Appellants challenge their convictions on multiple grounds, which can be grouped into the following eight claims: (1) the government abused the grand jury system to intimidate alleged eyewitnesses and suborned perjured testimony favorable to the government; (2) the government violated their right to due process by not disclosing to defense counsel evidence and witnesses that could have undermined the credibility of government witnesses; (3) the trial court improperly admitted hearsay statements in a joint trial under the exception for statements against penal interest; (4) the trial court should have granted their requests for severance because they were prejudiced by being tried jointly; (5) the prosecutor engaged in improper argument by alluding to the fact that the defendants would not testify, by using inflammatory language, and by making references to the defendants' gang membership; (6) the trial court improperly refused to grant a mistrial because some of the jurors were biased against them; (7) the trial court improperly denied the § 23-110 motions of two of the appellants, whose counsel, they claim, were constitutionally ineffective; and (8) the aiding and abetting instruction we held erroneous in Wilson-Bey, supra note *, 903 A.2d at 818, was given to the jury in their trial and tainted their convictions for first-degree murder. We agree that the erroneous aiding and abetting instruction constituted plain error and reverse the first-degree murder convictions of appellants Robles-Benevides, Bonilla and Villatoro, and remand to the trial court with instructions to vacate their first-degree murder convictions and enter convictions and resentence them for murder in the second degree. On remand, the trial court should consider whether Pérez's conviction for first-degree murder while armed based on aiding and abetting liability should be permitted to stand. We conclude that appellants' other challenges, singly and in the aggregate, do not require reversal, and we affirm their remaining convictions.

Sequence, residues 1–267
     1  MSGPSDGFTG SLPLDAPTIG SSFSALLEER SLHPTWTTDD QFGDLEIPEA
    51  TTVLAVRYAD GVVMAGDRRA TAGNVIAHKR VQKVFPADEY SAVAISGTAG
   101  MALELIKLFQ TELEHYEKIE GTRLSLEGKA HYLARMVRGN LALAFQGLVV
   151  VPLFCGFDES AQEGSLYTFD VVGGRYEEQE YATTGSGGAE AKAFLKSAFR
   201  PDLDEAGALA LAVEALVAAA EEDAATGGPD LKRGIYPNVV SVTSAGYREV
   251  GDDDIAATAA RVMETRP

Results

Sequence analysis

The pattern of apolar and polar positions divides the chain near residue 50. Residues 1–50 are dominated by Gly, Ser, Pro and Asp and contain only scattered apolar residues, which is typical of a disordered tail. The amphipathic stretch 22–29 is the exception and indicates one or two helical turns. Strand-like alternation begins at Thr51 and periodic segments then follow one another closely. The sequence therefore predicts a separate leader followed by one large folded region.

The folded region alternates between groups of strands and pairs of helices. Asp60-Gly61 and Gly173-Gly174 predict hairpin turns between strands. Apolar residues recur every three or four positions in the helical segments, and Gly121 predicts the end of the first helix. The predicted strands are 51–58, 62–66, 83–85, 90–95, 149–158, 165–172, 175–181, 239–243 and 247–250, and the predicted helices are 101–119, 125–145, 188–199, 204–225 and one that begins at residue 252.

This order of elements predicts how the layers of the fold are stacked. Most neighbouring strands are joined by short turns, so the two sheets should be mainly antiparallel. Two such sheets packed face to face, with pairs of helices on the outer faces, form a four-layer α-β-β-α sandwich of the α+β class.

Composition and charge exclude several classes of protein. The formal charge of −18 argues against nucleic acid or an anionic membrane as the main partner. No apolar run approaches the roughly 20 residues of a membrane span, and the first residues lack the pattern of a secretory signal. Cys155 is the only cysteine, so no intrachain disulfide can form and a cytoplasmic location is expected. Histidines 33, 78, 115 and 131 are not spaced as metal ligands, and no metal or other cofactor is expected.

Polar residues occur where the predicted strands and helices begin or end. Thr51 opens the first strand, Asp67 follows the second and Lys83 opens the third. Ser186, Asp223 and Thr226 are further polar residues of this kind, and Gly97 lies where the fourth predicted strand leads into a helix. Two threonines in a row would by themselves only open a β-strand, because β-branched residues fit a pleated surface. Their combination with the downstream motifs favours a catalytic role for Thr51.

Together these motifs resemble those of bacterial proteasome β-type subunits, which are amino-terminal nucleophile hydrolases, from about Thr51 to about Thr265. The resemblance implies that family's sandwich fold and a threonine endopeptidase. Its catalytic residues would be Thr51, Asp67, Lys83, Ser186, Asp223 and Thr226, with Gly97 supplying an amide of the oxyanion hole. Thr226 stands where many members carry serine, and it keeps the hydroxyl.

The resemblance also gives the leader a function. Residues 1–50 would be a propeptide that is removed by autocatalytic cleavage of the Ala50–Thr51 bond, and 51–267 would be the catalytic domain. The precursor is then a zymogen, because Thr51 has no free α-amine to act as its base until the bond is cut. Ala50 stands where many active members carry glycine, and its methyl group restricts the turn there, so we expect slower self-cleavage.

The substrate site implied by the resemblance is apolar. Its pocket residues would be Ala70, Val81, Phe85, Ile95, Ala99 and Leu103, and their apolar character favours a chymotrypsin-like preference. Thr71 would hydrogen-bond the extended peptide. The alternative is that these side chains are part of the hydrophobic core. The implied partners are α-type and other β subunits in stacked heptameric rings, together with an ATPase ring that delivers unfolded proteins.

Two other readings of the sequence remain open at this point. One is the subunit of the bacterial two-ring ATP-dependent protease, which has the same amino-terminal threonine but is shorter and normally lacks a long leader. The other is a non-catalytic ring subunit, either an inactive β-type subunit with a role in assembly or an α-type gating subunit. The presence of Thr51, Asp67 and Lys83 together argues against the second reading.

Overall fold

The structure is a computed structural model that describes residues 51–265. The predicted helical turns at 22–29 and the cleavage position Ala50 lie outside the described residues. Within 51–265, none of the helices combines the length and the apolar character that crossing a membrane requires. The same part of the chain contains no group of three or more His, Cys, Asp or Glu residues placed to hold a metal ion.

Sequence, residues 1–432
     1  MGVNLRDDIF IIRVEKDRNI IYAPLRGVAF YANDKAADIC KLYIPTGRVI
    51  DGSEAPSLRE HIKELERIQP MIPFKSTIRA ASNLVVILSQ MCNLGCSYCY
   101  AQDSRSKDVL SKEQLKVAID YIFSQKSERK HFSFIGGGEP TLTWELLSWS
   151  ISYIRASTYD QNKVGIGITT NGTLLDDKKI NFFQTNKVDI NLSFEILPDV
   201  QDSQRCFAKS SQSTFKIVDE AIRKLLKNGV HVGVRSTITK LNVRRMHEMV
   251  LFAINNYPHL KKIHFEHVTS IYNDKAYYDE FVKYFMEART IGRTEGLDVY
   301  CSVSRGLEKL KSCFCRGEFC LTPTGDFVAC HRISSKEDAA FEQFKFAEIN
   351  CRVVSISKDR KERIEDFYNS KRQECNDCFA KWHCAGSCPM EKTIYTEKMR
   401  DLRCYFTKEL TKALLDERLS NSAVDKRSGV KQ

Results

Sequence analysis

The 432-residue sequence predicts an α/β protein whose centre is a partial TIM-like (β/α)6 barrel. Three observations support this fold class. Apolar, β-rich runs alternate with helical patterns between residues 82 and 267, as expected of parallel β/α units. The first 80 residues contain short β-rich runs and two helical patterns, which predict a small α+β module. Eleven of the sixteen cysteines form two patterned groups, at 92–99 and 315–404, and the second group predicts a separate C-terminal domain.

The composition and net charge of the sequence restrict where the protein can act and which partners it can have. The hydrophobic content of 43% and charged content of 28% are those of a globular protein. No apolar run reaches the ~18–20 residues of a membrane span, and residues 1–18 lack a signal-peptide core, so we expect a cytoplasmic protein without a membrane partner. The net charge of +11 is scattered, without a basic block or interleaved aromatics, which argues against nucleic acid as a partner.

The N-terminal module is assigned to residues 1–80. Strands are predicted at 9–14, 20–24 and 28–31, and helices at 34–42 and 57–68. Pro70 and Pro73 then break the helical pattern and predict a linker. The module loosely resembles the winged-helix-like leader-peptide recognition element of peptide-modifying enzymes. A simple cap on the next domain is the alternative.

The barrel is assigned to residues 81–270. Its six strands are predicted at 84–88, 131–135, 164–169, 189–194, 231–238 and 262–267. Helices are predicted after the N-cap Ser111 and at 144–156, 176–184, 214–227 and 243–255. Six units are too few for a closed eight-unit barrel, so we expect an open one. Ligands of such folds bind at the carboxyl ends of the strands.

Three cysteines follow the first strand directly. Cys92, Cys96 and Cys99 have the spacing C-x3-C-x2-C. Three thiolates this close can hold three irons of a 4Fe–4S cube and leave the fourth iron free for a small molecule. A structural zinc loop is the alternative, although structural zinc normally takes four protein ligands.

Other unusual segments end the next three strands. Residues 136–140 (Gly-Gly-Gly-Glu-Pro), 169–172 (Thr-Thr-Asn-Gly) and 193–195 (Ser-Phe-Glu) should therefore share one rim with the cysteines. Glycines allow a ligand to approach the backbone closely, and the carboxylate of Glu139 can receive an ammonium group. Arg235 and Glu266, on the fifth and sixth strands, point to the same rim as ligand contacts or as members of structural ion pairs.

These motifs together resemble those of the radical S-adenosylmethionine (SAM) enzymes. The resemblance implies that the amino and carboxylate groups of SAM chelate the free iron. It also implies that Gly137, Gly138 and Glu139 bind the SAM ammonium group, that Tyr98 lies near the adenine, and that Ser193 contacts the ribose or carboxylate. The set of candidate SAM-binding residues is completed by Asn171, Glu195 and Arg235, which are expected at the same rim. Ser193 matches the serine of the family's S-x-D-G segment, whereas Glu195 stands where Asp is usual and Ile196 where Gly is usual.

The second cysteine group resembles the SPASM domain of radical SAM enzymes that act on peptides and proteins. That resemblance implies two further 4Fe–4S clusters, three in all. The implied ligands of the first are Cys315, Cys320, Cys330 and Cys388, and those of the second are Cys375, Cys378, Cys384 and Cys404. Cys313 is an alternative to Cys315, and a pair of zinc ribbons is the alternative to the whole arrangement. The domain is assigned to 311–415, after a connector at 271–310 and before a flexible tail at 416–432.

I. The Evidence Presented at Trial

Based on the testimony of four eyewitnesses,1 each one of whom knew appellants personally, the government adduced the following evidence at trial. On the evening of March 14 and into the early hours of March 15, 1998, appellants were at the Diversité nightclub at 14th and Q Streets, Northwest. Appellants were members of a gang called "Mara R." At one point, government witness José Benítez, who was a fellow Mara R gang member, saw appellant Oscar Villatoro flash a gang sign in the nightclub at members of a rival gang, Mara Salvatrucha, commonly known as "MS-13." A fight then broke out in the night club. The night club operator shut the club down early as a result, and everyone was forced out onto the streets at approximately 3:00 a.m., March 15. Hostilities between the rival groups apparently ceased at that point, but the Mara R gang's aggressive attitude persisted.